What We Do

Research shows that maintaining strong family bonds and sustaining communication during incarceration, through family literacy programs, and strong mentoring can yield reduced recidivism rates and improve reintegration with the community. CLICC uses this combination of activities to support incarcerated parents and their children, who may experience feelings of shame and stigma because of the incarceration.

CLICC is a one-year program. Each child and parent in the CLICC program meets with a separate mentor on a weekly basis for one year. The CLICC-trained parent mentors meet with parents in prison, either individually or in a group. CLICC-trained child mentors meet one-to-one with a child (age 5-17) at a site in the community that is convenient for the child, such as a local library or afterschool program. The parent and child read approximately one book — selected by the child — per month. With mentor support, they complete literacy exercises connecting the books to their lives through letters to each other. The books also can be discussed during phone calls and in-person visits.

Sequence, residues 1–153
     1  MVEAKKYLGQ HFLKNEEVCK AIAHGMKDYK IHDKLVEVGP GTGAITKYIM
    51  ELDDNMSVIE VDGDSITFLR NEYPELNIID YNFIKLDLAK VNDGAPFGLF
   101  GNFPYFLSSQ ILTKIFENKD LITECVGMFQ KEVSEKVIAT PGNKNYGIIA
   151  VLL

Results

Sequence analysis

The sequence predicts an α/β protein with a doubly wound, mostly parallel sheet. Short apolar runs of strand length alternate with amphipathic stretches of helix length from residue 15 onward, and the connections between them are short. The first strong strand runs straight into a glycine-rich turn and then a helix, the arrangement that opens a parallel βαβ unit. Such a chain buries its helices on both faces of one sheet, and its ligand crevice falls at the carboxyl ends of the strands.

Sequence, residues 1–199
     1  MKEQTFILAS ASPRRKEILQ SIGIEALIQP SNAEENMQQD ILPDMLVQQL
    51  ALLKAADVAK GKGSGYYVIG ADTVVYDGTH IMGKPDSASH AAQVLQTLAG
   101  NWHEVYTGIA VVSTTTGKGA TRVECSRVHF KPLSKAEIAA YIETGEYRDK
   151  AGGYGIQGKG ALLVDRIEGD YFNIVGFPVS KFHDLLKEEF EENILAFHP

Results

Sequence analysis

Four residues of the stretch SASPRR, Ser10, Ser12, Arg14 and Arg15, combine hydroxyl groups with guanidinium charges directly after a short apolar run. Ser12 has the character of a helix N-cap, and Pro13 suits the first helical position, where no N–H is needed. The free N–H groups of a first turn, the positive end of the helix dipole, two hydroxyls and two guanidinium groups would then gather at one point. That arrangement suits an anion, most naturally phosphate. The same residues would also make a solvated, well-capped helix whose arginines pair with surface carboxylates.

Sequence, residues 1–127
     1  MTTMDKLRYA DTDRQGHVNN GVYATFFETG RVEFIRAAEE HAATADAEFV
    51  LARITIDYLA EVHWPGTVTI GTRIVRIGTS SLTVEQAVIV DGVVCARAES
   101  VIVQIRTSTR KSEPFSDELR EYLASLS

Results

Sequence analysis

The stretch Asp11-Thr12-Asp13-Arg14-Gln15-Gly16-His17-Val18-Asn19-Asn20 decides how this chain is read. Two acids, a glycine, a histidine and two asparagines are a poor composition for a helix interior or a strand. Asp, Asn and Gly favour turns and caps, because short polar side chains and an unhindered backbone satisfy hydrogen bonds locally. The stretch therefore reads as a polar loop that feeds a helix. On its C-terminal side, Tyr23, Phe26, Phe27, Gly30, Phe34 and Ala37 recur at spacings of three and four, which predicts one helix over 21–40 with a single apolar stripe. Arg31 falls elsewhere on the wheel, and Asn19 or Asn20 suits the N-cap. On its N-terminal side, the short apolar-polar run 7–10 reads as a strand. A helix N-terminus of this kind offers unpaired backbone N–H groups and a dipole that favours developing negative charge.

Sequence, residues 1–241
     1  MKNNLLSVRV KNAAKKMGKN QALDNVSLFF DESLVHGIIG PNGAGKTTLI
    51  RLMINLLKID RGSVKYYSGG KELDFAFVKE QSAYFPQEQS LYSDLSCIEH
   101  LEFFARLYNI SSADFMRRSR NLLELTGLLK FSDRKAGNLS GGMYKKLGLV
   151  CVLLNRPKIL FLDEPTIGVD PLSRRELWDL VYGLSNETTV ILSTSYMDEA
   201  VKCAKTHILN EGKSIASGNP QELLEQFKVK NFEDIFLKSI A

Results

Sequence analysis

The literacy exercises are based on a curriculum developed exclusively for CLICC by Columbia University Teachers College. These exercises offer engaging and meaningful topics for parent-child communication, and a means to monitor literacy progress and interest among parents and children.

Mentor/child pairs meet for one continuous year to establish trusting relationships, as best practice recommends. Mentors meet with parents for approximately six months pre-release. As the parents transition out of prison, these same mentors meet with them for another six months post-release to offer support and referrals to counseling and other community services for parents and their children as requested.